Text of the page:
Keeping your joints healthy is essential to overall well-being. Little habits indulged throughout the day might not seem to do much harm, but with the passage of time such things as poor posture could lead to issues, especially in the joints.
Click the photos below to find out if you’re making these common mistakes that could cause joint pain.
Your gait (the way you walk) can help or hurt your joints, especially as you age. An unbalanced gait can throw off your shoulders, hips, and knees. That can increase the risk of injury due to instability and loss of balance. Relax your shoulders and try not to lean back to avoid pressure on your joints.
“Text Neck” is now so common that some people refer to it as an epidemic. Looking down too often can cause joint pain, nerve damage, neck pain, and harm to the cervical spine. Take breaks, bring your phone to eye level to look at it (rather than bend your neck), and do neck stretches whenever possible.
Ever notice your shoulders roll forward? Poor posture can lead to back, neck, and shoulder pain, as well as problems with flexibility and strength. Several studies have shown that activities like yoga can improve many of these issues. Get in a stretch at work and stay aware of your posture throughout the day.
Maybe you’re lifting weights that are too heavy or are using the wrong method to lift everyday items like moving-boxes. Make sure you’re lifting with your knees and not your back. It’s common to injure your spine, specifically the sacroiliac joint (SI). Be sure to speak to your doctor if you injured this joint.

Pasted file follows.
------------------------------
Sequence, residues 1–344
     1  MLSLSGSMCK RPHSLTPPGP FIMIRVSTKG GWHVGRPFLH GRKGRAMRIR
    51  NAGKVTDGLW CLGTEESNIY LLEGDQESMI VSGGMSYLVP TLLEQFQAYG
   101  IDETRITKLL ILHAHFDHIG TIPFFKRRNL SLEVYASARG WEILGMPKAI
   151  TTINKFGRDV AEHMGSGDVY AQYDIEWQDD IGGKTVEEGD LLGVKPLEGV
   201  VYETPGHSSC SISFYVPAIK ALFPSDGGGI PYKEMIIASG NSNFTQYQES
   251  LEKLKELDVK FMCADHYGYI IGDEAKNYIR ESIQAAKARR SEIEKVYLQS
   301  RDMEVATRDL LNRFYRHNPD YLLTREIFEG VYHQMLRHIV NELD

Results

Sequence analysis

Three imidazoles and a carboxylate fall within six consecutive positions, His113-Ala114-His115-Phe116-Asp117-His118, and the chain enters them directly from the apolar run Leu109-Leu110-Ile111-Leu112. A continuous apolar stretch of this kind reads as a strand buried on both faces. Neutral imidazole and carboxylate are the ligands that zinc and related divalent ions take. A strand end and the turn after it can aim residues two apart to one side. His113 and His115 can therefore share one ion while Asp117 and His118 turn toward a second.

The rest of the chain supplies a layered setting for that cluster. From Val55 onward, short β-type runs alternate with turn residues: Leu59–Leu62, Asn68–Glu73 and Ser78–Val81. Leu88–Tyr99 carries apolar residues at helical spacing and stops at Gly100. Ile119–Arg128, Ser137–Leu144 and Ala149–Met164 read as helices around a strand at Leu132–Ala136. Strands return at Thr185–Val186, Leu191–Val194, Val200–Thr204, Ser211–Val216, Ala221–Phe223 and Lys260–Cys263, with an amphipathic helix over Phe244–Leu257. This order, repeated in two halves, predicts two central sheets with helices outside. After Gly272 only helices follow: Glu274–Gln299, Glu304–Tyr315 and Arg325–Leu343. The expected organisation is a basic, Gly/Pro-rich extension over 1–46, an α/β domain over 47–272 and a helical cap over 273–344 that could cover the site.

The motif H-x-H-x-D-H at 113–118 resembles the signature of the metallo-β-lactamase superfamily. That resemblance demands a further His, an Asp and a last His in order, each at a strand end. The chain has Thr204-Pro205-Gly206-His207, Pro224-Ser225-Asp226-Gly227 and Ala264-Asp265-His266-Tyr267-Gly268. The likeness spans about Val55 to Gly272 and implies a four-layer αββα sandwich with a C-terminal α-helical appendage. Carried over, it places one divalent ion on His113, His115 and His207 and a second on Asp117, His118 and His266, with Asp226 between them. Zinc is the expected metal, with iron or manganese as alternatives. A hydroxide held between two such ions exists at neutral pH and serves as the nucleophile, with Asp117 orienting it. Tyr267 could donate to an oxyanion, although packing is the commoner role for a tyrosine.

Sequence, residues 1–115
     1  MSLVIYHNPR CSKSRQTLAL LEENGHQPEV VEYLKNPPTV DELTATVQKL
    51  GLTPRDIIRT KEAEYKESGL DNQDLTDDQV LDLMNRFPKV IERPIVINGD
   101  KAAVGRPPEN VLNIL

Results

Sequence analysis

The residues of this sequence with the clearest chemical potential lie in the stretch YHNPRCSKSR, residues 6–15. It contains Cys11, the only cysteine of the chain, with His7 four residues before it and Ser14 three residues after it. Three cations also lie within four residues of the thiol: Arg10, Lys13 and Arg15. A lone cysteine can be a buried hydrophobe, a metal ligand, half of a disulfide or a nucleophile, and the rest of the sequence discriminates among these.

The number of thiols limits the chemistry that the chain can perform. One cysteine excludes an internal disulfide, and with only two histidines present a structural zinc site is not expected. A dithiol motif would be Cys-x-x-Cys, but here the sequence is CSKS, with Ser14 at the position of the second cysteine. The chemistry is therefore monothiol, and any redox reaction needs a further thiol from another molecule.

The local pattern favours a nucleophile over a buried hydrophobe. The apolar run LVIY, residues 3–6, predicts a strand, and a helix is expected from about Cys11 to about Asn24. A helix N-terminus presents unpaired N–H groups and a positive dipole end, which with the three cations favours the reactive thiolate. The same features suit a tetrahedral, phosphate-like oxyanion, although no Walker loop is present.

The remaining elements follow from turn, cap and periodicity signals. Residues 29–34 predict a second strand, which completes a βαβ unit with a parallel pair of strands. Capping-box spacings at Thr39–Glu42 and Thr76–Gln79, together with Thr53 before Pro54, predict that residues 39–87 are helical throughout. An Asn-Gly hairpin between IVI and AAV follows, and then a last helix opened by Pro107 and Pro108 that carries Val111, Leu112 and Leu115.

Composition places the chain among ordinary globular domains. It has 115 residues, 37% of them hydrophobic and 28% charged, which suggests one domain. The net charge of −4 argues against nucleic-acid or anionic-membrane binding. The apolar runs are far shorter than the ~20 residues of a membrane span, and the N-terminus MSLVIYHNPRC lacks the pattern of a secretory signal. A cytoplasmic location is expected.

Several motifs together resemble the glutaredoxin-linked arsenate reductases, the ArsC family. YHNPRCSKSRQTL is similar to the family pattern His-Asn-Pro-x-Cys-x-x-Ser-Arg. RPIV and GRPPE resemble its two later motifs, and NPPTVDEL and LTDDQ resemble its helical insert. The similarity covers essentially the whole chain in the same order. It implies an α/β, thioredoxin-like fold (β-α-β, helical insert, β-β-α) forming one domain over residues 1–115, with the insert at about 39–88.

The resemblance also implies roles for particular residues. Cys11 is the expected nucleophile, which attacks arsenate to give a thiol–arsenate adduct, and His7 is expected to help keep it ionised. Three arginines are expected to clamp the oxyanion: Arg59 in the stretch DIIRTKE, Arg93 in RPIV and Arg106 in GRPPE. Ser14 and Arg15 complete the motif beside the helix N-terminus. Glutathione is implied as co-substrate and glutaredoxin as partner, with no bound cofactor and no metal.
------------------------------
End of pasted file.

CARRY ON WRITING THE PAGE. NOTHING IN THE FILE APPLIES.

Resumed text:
Too Much Cardio,
Not Enough Weights
Lifting too much weight can be as bad as lifting too little. If you do only cardio and get no form of muscle-building exercise, you might strain your joints. Be sure to lift only as much as you comfortably can for a few repetitions. Get in both cardio and muscle strengthening with these beginner workout tips.
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This health information or program is for educational purposes only and not intended to treat, diagnose, or act as a substitute for medical advice from your provider. Consult your healthcare provider and always follow your healthcare provider’s instructions.
Always consult your physician before beginning any exercise program.
“Musculoskeletal neck pain in children and adolescents: Risk factors and complications.” National Institutes of Health. May 10, 2017.
“Getting it Straight,” National Institutes of Health. August 2017.
“Aging Changes in the Bones, Muscles, Joints,” Medline Plus. Accessed June 27, 2018.